Israeli, Palestinian authorities appeal for calm as deaths of teens fans fire of vigilantism
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JEFFREY BROWN: In addition to the clashes in East Jerusalem, the Israeli air force struck targets inside of Gaza tonight after Hamas fired rockets again today into Southern Israel. The exchange happened despite word of a possible cease-fire between Israel and Hamas being mediated by Egypt.
Journalist Josh Mitnick has been reporting the story on all fronts for The Wall Street Journal. I spoke to him a short time ago.
Well, Josh Mitnick, you were at the funeral today. What would you add to what we heard from Lindsey Hilsum?
JOSH MITNICK, The Wall Street Journal: Yes.
Well, there was a real air of anger and militancy in the air. The debris from several days of riots in Jerusalem had not been cleaned up. I saw mourners praying amid shattered glass of a light-rail station, and people were — there are chants, religious chants, anti-Israel chants, chants for revenge, chants for blood.
And people were saying that they thought the Israeli police were treating this with kid gloves. They were angry that the Israeli police had not come to the conclusion that they confidently believe that this was a lynching. And they were frustrated also with the Palestinian Authority and President Mahmoud Abbas for not embracing them. And they accused him of collaborating with Israel.
JEFFREY BROWN: And are there signs of protests and violence spreading in the West Bank, of further escalation?
JOSH MITNICK: You know, that is the concern of the Israeli — of the Israeli army. And it’s also — I assume that is the concern of the Palestinian Authority.
And, at this moment, that has not happened. It’s — at this moment, it has been contained to Jerusalem. From what I understand, is that the President Abbas has an interest in this not spreading.
And, ironically, in the rest of the West Bank, President Abbas has his own security forces, which basically try to lower the flames of the conflict. In East Jerusalem, it is a different story, however. President Abbas doesn’t have the control, and it is more easy for the protesters to go out to the Israeli — the Israeli police and protest and engage in clashes.
JEFFREY BROWN: Well, the Israeli government has, of course, condemned the killing, but is there any more information on the investigation into finding who did it?
JOSH MITNICK: You know, I spoke with a police spokesperson today, and he said that they are still investigating several different motives.
Again, as I said, this is — this — the fact that the police have not classified this as a nationalist crime very insulting to the family. They have not released details of the autopsy yet. They will only say that the body of the boy was severely injured.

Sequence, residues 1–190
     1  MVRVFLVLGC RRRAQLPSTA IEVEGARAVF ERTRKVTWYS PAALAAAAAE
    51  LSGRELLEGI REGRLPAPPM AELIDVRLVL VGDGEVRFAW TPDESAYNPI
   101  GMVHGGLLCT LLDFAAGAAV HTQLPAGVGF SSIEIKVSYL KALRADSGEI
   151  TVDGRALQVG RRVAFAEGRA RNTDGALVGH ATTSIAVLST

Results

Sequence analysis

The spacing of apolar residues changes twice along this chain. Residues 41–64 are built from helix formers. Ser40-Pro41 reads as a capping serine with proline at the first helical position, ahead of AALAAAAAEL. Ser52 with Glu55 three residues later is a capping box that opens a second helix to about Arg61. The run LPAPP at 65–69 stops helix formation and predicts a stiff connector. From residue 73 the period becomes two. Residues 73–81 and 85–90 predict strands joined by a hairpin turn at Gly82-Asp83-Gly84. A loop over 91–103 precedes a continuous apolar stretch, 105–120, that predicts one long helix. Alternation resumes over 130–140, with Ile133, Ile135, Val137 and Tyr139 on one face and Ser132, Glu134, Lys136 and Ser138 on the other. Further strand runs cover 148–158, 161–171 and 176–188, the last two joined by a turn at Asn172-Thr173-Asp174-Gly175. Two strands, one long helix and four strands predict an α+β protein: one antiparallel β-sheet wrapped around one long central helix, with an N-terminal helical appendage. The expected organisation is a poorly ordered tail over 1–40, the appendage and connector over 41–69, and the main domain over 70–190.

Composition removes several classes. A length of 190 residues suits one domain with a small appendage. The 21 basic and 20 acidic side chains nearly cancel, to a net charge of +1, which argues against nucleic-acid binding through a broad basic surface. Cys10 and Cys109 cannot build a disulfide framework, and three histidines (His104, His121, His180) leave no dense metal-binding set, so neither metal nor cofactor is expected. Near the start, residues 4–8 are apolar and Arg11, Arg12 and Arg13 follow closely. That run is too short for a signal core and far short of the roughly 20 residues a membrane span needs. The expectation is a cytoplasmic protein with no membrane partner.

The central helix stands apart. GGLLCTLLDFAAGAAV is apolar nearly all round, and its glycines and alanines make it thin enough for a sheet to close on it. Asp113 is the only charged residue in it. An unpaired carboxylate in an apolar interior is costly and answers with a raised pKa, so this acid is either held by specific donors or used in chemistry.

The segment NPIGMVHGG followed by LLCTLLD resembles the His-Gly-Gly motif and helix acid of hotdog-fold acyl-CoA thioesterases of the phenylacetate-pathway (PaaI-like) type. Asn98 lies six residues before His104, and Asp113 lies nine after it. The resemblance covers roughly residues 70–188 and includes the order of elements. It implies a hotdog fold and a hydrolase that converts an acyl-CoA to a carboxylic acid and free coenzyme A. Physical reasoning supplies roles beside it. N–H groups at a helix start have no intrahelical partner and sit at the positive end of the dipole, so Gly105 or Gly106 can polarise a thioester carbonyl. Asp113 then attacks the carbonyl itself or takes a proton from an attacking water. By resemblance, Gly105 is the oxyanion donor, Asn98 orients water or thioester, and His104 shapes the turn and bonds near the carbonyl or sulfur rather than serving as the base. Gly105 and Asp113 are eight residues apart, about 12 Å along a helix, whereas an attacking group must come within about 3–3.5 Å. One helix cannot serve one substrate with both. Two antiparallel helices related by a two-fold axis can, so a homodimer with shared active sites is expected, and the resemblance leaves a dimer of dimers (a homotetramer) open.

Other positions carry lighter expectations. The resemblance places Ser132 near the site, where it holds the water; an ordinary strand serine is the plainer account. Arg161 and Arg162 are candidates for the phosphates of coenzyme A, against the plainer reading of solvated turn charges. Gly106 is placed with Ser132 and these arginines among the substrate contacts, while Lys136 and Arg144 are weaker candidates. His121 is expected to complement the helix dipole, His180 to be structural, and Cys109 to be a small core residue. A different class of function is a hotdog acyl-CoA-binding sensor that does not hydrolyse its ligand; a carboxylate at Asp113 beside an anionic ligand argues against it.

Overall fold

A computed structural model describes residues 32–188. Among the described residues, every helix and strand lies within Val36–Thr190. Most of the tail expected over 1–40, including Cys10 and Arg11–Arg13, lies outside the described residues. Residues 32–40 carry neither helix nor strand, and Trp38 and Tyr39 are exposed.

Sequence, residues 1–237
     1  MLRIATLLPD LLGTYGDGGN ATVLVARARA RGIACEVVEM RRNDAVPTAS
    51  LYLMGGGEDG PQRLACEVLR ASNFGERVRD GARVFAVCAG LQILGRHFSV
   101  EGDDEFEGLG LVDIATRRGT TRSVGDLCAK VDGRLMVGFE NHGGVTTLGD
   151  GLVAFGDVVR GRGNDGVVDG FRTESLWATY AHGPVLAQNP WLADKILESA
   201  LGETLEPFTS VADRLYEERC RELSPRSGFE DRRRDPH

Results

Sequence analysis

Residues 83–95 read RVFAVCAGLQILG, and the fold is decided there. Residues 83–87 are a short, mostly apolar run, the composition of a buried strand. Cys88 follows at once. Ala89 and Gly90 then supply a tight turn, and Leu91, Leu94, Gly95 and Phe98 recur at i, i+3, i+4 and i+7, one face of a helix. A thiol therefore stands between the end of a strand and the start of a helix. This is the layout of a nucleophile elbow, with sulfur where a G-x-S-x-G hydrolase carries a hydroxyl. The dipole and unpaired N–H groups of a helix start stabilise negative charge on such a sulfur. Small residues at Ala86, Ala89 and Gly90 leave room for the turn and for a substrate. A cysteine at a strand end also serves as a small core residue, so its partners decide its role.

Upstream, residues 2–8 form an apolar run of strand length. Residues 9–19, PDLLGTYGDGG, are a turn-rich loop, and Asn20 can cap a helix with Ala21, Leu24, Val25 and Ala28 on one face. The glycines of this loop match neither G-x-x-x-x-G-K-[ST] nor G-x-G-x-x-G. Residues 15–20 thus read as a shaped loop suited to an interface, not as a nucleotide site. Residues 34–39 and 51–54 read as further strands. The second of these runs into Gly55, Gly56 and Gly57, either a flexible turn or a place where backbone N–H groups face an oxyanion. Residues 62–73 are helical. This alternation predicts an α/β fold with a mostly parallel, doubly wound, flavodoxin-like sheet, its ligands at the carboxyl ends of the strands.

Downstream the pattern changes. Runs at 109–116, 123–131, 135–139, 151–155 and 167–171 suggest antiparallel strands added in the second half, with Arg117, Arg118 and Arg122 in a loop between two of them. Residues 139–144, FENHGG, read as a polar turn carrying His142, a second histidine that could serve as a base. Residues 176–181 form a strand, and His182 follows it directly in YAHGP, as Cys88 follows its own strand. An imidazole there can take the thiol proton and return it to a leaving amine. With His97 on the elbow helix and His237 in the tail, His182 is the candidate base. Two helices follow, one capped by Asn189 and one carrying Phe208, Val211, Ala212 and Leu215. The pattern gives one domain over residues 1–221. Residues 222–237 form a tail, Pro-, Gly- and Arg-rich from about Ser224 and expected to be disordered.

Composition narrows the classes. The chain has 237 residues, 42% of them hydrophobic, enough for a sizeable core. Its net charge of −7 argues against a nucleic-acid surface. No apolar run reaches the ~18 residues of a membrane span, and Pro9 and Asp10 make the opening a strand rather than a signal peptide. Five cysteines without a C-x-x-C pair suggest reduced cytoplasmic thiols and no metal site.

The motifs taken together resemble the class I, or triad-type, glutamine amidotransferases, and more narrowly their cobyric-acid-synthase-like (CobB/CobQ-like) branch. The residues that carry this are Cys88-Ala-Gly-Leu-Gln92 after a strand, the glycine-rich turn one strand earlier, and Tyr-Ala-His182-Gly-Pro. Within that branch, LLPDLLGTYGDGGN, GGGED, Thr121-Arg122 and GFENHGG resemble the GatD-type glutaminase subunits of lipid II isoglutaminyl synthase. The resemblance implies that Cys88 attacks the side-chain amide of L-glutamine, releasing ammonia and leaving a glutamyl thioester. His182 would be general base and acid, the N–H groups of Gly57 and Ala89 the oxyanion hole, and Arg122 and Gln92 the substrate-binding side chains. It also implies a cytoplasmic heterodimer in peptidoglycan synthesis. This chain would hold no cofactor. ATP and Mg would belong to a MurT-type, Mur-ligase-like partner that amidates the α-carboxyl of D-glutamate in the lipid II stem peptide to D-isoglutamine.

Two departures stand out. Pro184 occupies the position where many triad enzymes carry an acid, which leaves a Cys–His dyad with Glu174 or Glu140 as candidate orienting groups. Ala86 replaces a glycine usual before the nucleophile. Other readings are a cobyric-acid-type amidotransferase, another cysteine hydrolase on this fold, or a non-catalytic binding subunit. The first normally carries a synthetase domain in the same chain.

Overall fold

JEFFREY BROWN: And, in the meantime, rocket attacks from Gaza and Israeli military planes in reprisal going into Gaza, what are authorities on both sides saying about that situation?
JOSH MITNICK: That right.
For the last week, there has been a tit-for-tat, trickle of rockets into Israel and Israeli planes launching reprisals. The Israeli military, in a rare appeal for calm yesterday, said that they are not interested in escalating the situation, but that if the militants in Gaza and if Hamas doesn’t get control of the situation there, they are prepared to escalate, so something of a veiled threat mixed with a message of mollification.
Hamas also has been putting out mixed signals, some of the members of its political leadership, of the government there saying that they are not interested in escalation, however, a statement from the military wing of Hamas saying that they are not willing to engage in any cease-fires and they will not impose their control on the other militant groups in Gaza Strip.
JEFFREY BROWN: And, Josh, very briefly, if you would, how much fear — what is your sense of the level of fear that this could escalate to something that the region hasn’t seen in some time?
JOSH MITNICK: Well, if we compare this to different intifadas in the past, and especially 2000, the difference is that the Palestinian president, the Palestinian leader, Mahmoud Abbas, has consistently come out against the use of violence.
And it’s assumed that he is actively working to cool the flames. However, there is an air of vigilantism in the West Bank. There is a new, relatively recent phenomenon of vigilantism among pro-settler groups, who have carried out revenge attacks on Palestinians in the West Bank.
So, as long as this air of taking the law into one’s own hands continues, then it is anyone’s bet, and things could get — could spiral out of control.
JEFFREY BROWN: Josh Mitnick, thanks so much for joining us.
JOSH MITNICK: Thank you.